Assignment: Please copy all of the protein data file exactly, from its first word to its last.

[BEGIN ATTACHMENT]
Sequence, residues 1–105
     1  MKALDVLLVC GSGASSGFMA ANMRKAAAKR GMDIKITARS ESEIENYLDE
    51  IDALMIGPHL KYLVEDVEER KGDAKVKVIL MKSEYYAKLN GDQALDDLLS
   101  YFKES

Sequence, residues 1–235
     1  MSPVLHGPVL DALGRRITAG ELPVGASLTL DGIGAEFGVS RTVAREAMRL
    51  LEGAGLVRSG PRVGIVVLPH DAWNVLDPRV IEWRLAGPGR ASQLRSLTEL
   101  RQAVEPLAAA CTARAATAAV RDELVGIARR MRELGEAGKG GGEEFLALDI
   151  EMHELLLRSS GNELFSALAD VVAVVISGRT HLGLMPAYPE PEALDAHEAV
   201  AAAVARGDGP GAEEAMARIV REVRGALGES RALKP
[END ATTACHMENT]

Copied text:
Sequence, residues 1–105
     1  MKALDVLLVC GSGASSGFMA ANMRKAAAKR GMDIKITARS ESEIENYLDE
    51  IDALMIGPHL KYLVEDVEER KGDAKVKVIL MKSEYYAKLN GDQALDDLLS
   101  YFKES

Sequence, residues 1–235
     1  MSPVLHGPVL DALGRRITAG ELPVGASLTL DGIGAEFGVS RTVAREAMRL
    51  LEGAGLVRSG PRVGIVVLPH DAWNVLDPRV IEWRLAGPGR ASQLRSLTEL
   101  RQAVEPLAAA CTARAATAAV RDELVGIARR MRELGEAGKG GGEEFLALDI
   151  EMHELLLRSS GNELFSALAD VVAVVISGRT HLGLMPAYPE PEALDAHEAV
   201  AAAVARGDGP GAEEAMARIV REVRGALGES RALKP